Javaheri is so confident he delivers the best service to his customers that he lists names, titles, and the companies that are his clients in his references. “Most companies are afraid to list the name of the company or even the name of the person because they think other IT companies will steal their clients,” Javaheri said. “I honestly believe no one can take care of them better than I can. If they leave, they will come back because nobody takes care of them the way I do.”
10. Raise the entry level for your tech support.
At Direct iT, 86% of incoming client calls have their problem solved within the first 15 minutes. Javaheri credits this to the fact that his clients only speak to level 2.5 techs and higher when they call in. He still hires level 1 techs, but he does extensive training with them before they ever speak with clients.
First, he has them sit behind a level 2.5 or higher tech while they are taking calls. They do this for a minimum of two months. They attend training classes after that before he ever lets them get on the phone with a customer. “I believe we should hire level 1 engineers, but we should train them and not put them on the phone until they become a level 2-plus,” Javaheri said. “Because when level 1 takes most of the calls, if they can’t solve it, they must escalate it to a level 2 and so on. What happens in this process is that the customer’s time gets wasted. By using level 2.5 as our entry point, it creates efficiency and a lot of customer loyalty.”
11. Make security mandatory.
“My DNA is a security company that does IT,” he said. This approach helps him win contracts. Recently, a prospect was comparing prices between Direct iT and two other companies. Both of his competitors charged less than him and listed IT pricing with an optional security package. The prospect asked Javaheri to separate his pricing with IT as the main package and security as an option.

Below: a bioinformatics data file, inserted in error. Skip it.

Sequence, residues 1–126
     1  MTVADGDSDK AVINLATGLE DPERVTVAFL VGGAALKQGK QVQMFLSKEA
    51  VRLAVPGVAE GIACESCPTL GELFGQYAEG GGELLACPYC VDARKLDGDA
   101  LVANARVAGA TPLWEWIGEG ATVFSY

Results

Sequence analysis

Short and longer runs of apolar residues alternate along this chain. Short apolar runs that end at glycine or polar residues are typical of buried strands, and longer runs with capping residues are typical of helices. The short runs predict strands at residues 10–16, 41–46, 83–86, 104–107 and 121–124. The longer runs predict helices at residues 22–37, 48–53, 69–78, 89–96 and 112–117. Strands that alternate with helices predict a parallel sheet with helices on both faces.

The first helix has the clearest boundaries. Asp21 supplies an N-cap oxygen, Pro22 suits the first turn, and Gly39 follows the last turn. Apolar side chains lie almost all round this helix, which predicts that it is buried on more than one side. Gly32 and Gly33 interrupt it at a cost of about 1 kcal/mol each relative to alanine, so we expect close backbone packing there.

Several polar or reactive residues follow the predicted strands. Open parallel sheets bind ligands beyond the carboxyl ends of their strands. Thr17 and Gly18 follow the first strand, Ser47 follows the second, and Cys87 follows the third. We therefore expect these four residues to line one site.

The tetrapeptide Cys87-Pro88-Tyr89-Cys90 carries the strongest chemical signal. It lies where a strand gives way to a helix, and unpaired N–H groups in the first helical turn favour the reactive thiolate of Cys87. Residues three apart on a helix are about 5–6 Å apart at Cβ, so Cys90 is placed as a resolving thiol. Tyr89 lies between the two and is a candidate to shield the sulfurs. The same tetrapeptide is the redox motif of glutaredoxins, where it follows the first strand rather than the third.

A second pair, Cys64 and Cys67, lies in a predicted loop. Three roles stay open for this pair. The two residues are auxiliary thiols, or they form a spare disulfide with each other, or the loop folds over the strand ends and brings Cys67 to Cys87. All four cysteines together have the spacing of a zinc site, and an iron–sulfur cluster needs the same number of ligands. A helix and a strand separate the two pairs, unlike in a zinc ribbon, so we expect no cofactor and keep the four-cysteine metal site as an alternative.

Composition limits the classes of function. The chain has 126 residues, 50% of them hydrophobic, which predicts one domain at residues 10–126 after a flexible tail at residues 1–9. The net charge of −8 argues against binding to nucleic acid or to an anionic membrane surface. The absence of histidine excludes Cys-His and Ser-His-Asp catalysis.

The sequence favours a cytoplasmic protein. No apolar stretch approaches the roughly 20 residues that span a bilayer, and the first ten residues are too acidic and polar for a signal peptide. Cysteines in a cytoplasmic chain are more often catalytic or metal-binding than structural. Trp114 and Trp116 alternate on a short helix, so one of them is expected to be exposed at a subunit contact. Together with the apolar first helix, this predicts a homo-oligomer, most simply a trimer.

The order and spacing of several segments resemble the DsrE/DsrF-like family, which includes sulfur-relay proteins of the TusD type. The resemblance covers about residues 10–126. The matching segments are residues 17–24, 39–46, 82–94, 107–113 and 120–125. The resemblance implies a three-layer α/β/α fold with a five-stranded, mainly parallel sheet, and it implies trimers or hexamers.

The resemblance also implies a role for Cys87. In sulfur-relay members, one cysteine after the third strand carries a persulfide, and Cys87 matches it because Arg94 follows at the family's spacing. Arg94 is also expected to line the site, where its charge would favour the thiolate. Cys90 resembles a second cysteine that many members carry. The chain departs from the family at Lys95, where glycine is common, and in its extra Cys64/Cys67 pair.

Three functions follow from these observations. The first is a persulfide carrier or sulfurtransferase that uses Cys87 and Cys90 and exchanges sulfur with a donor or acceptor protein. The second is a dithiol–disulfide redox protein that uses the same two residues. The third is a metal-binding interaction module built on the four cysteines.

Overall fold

“I told him, ‘Yes, I can do that,’ and separated my IT and security,” Javaheri explained. “But when I went back to present it to him, I reversed it. I told him that in my case, security is mandatory, and IT is an option. I said, ‘Security is mandatory because we believe in the age of cybercrime; we are in a war zone. If they think security is optional, maybe that’s how they handle security in their company. Maybe it’s optional for them, too.’” The client signed the agreement with Direct iT and took both the security and IT package.
Today, Javaheri continues to follow these strategies in his own business.
He officially changed the name of his marketing department to “Marketing Bombardment” to remind his team of the importance of marketing. Other inspiration comes in the form of two posters that hang in his office and home that Javaheri looks at every day.
One, attributed to Jon Gordon, says, “You are not a true success unless you are helping others be successful.” The other, a quote by Thomas Jefferson, says, “If you want something you never had, you must be willing to do something you’ve never done.”
These are words he lives by that provide motivation to achieve his two wishes: to make a lot of money and help a lot of people. “These two quotes are everywhere — in my office, in my house — I believe I’m not a true success unless I can help other MSPs make money,” Javaheri said. “There is a lot of money to be made, and a lot of people need help. You can do both, too, if that is your dream. Just don’t give up. Stay persistent and believe in yourself.”